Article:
It looks like 2013 is off to a good start for the creative industries in a year in which demand for high quality creative output continues to grow.
The Government has published its proposed legislation for new corporation tax reliefs for British high-end television production (namely dramas and documentaries), animations and video games.
I asked my colleague Mailin Bala to look at the draft legislation to see what it delivers and what impact it has on co-productions.
OK, so, what does it amount to?
In short, qualifying companies will be able to claim an additional deduction of 100% of UK qualifying production expenditure in computing their taxable profits. Where that deduction then results in a loss, companies will be able to surrender those losses for a payable tax credit amounting to 25% of qualifying production expenditure.
To qualify for the new relief, the following criteria have to be met:
there must be a high end TV programme (meaning the average cost of expenditure per slot
hour must be at least £1m), animation or video game being produced which is intended for broadcast/commercial release;
- the content must be certified by the Secretary of State as being British; and at least 25% of the core production expenditure incurred by the company must relate to expenditure on goods or services used or consumed in the UK.
See here for HRMC's detailed description of each of the reliefs (including the conditions to be applied) and the proposed draft legislation. See also this document for the
Government’s response to the consultation on the reliefs.
What constitutes ‘British’?
That will be determined by scoring a minimum 16 points out of a possible 31. Points will be awarded for using British locations, language, use of UK key staff and promoting British culture. In some cases, it will be sufficient for the content to include EU elements, rather than purely British ones.
When do the reliefs come into play?
All being well, the new reliefs will apply to qualifying expenditure incurred from 1st April 2013. This
is subject to the government obtaining State aid approval of the ‘British’ test from the European Commission.
Who can claim the relief?
UK companies that are responsible for production activities and for undertaking negotiations and contracting for rights, goods and services in respect of the content.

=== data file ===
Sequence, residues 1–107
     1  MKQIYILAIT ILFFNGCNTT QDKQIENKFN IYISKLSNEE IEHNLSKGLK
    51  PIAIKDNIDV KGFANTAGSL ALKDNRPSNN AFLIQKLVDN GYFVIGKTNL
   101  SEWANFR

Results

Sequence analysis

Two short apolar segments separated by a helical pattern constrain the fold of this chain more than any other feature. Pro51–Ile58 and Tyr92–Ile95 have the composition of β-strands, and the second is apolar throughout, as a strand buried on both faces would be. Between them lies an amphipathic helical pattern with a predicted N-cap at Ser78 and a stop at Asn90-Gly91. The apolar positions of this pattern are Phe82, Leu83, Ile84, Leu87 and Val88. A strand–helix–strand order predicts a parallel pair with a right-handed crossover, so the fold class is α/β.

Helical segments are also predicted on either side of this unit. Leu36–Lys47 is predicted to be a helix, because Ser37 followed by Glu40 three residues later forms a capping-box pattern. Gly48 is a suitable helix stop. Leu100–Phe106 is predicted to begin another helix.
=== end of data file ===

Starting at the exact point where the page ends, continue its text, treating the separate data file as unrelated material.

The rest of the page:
What about co-productions?
Only one TV production company/games developer can claim the relief per relevant content. If
there is more than one company that meets the qualifying criteria, then it is the company that is most directly engaged in the activities that can claim the relief. However, a company can elect not to be regarded as a television production company/games developer by recording its election in the company's return for an accounting period.
The election will apply to all content that commence principal photography/ or begins production in that, or any subsequent, accounting period, until the election is withdrawn.
There is however, an additional benefit for TV production, in that a co-producer can claim the
- the programme is made under a relevant international co-production treaty (though not
through a partnership); and
- the co-producer makes an effective creative, technical and artistic contribution to the programme.
In an attempt to avoid over complication and abuse of the relief, the Government has purposely not legislated for other forms of co-production to be eligible for the relief.
This may in itself appear to stymie co-productions, such as cross-industry productions where for example rights holders engage production houses to conduct all or some of their production activity.
Yet, rather helpfully, the government has acknowledged that companies wishing to access the
relief that are undertaking genuine co-productions, may wish to structure their business in such a way in order to access the relief.
Whilst setting clearer boundaries would have been preferable, this appears to be an invitation for other genuine co-productions to set up special purpose vehicles to avail themselves of the
relief; potentially benefitting additional sectors in the creative industries.
Have a good week.